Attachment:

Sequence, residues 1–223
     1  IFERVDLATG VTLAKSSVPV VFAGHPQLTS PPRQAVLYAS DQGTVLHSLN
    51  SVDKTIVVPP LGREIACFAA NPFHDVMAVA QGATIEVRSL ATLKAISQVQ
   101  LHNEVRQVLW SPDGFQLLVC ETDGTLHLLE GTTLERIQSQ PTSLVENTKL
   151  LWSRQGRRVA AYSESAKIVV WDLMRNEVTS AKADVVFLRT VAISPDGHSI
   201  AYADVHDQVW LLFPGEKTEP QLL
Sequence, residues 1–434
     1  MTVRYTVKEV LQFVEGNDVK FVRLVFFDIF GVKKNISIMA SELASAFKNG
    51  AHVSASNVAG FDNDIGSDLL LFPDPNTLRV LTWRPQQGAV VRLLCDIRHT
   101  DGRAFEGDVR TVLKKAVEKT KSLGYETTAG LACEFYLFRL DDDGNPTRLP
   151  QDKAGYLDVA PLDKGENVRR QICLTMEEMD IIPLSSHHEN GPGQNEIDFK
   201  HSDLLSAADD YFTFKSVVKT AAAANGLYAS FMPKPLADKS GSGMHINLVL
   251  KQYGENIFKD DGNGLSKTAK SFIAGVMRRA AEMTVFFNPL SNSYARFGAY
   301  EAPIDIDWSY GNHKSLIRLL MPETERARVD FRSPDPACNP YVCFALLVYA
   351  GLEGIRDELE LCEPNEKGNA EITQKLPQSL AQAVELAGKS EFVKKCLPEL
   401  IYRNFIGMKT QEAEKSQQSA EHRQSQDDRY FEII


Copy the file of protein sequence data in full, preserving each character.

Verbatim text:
Sequence, residues 1–223
     1  IFERVDLATG VTLAKSSVPV VFAGHPQLTS PPRQAVLYAS DQGTVLHSLN
    51  SVDKTIVVPP LGREIACFAA NPFHDVMAVA QGATIEVRSL ATLKAISQVQ
   101  LHNEVRQVLW SPDGFQLLVC ETDGTLHLLE GTTLERIQSQ PTSLVENTKL
   151  LWSRQGRRVA AYSESAKIVV WDLMRNEVTS AKADVVFLRT VAISPDGHSI
   201  AYADVHDQVW LLFPGEKTEP QLL
Sequence, residues 1–434
     1  MTVRYTVKEV LQFVEGNDVK FVRLVFFDIF GVKKNISIMA SELASAFKNG
    51  AHVSASNVAG FDNDIGSDLL LFPDPNTLRV LTWRPQQGAV VRLLCDIRHT
   101  DGRAFEGDVR TVLKKAVEKT KSLGYETTAG LACEFYLFRL DDDGNPTRLP
   151  QDKAGYLDVA PLDKGENVRR QICLTMEEMD IIPLSSHHEN GPGQNEIDFK
   201  HSDLLSAADD YFTFKSVVKT AAAANGLYAS FMPKPLADKS GSGMHINLVL
   251  KQYGENIFKD DGNGLSKTAK SFIAGVMRRA AEMTVFFNPL SNSYARFGAY
   301  EAPIDIDWSY GNHKSLIRLL MPETERARVD FRSPDPACNP YVCFALLVYA
   351  GLEGIRDELE LCEPNEKGNA EITQKLPQSL AQAVELAGKS EFVKKCLPEL
   401  IYRNFIGMKT QEAEKSQQSA EHRQSQDDRY FEII